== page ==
It is Clark’s role in the removal of Native Americans that so discomforts us today—and may contribute to the reluctance of biographers to tell his story. And unlike the triumph of the expedition, the story of white and Indian relations is messy. Were Clark’s post-expedition efforts well-meaning attempts to save native peoples who would have been more tragically pushed aside by the encroaching white culture? Or was he the agent for land-hungry Americans who thought nothing of cheating Indians? Or was the truth somewhere else? Did Clark embody all the ambivalences and contradictions of his time in matters of race and country?
The record is clear that Clark’s efforts to reconcile the clashing interests of Indians, westward moving settlers and the federal government consumed—and profoundly disappointed—him. The record is equally clear that those efforts led to an overwhelming tragedy: the forced relocation of tens of thousands of Indians from their homes in the East and South, across the Mississippi to lands in Oklahoma and Kansas.
At the time of portage Des Sioux, St. Louis was still a remote settlement of some 2,000 people, perched like an early-day Beirut on the edge of the continent’s most contested lands. It was the only non-Indian town of any substance west of the Mississippi. Americans, English, Spanish and Russians all competed for the loyalties of 100,000 Indians, who were the main suppliers for the fur trade, the dot.com bubble of its day. The steady supply of furs depended on peace with the Indians.
But to American settlers fearful of Indians in the months after the Treaty of Ghent, their trading partners looked more like terrorists. In the spring before the council, the Missouri Gazette reported that “very few days elapse without unfolding some horrid deed; a family cut off, travelers shot and cut to pieces on the frontiers or in the neighborhood of our villages; the thing is passed off as a matter of course until the news of another massacre arrives.”
As Clark looked over the vast assemblage, he realized that one tribe was conspicuous by its absence of highlevel chiefs. A band of Sauk from the Rock River (near present-day Davenport, Iowa), led by a charismatic war leader named Makataimeshekiakiak but known to whites as Black Hawk, had sent only subordinates. If the treaty were not signed by the Sauk, the most aggressive and warlike tribe on the Mississippi, Clark’s peace initiative would have little meaning.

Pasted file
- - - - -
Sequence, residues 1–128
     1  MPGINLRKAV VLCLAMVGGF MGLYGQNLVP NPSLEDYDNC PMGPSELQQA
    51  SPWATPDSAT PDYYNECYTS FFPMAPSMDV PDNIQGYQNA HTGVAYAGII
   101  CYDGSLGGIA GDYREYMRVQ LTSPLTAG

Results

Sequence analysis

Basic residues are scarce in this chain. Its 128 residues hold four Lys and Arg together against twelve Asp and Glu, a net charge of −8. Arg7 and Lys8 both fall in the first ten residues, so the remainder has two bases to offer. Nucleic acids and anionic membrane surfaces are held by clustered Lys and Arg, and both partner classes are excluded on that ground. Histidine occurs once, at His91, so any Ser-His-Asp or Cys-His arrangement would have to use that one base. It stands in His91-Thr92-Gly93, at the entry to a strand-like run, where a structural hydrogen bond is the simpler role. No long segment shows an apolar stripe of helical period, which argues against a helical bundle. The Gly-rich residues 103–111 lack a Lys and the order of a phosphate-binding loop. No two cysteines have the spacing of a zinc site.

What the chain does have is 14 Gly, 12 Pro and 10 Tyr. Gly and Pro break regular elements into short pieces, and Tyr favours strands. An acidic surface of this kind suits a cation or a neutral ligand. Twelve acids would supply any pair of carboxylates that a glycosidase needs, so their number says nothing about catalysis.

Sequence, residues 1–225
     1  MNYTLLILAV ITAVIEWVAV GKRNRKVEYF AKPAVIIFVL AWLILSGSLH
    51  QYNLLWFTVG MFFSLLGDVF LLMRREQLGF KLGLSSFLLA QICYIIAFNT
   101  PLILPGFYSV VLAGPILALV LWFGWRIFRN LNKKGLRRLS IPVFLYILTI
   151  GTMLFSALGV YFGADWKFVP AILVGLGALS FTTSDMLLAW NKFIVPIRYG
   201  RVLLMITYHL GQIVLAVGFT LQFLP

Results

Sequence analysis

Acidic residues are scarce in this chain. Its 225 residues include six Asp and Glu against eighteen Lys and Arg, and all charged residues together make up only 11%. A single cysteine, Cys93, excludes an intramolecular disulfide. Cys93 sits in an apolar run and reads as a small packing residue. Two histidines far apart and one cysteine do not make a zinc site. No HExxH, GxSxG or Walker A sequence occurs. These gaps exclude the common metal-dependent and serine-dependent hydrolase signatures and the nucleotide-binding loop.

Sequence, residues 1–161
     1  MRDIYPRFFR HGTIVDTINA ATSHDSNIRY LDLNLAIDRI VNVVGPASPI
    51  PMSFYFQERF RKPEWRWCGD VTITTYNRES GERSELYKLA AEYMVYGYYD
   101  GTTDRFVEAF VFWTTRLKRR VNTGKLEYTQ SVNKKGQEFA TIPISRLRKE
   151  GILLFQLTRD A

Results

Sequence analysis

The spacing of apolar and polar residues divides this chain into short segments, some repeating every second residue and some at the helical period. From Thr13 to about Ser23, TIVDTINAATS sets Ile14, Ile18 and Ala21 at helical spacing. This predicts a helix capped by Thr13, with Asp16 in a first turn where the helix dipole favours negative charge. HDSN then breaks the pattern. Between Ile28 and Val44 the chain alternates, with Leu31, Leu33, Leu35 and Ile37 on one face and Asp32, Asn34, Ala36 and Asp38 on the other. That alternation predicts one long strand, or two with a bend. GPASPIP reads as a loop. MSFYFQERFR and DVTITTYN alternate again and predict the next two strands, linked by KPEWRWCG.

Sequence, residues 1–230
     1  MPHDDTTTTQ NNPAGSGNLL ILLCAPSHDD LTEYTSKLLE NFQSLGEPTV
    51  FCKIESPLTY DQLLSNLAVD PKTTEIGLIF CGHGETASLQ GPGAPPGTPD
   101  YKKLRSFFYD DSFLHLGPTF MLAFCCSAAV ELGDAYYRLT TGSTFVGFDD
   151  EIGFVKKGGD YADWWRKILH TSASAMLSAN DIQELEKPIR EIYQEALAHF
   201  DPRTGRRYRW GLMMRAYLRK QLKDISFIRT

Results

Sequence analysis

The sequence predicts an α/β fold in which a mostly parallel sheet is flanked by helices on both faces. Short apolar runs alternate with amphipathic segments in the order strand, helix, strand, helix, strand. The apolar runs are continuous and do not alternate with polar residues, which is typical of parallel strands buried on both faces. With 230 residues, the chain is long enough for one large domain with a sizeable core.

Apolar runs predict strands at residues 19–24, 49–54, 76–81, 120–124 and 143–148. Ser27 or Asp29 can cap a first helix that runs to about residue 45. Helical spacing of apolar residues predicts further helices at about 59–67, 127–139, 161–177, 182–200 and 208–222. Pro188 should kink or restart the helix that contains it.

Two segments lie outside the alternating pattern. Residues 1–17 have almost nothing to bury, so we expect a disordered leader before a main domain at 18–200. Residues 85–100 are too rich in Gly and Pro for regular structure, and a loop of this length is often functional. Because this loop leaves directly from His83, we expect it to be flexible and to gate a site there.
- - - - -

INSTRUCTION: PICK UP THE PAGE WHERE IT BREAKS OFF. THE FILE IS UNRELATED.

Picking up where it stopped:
Both Clark and Black Hawk were in their mid-40s at the time. Black Hawk was as commanding a figure in his culture as Clark was in his. Just under six feet tall, the warrior was sinewy, broadshouldered and weighed only about 140 pounds. His shaved head bore a single short tuft of hair, to which he attached a feather.
Angered by Black Hawk’s absence at Portage des Sioux, Clark delivered an ultimatum: either he come to sign the treaty or, as one Sauk chief remembered it, “blood would be spilt for their disobedience.” Tribal enemies of the Sauk were so heartened by Clark’s public threat that they stood and cheered. Alarmed, the Sauk left the council, slipping away under the cover of darkness.
No sooner had negotiating begun than another event threatened to derail the Portage des Sioux meeting. Black Buffalo, a Sioux chief whom Clark knew well from the expedition, died suddenly, a potentially disastrous omen to the Indians. But Clark responded diplomatically, giving the chief a full military funeral, complete with rifle salutes. Then, in a dramatic moment, an Omaha chief named Big Elk delivered a stirring eulogy for his traditional enemy. “Do not grieve,” he counseled the other tribes. “Misfortunes will happen to the wisest and best men.”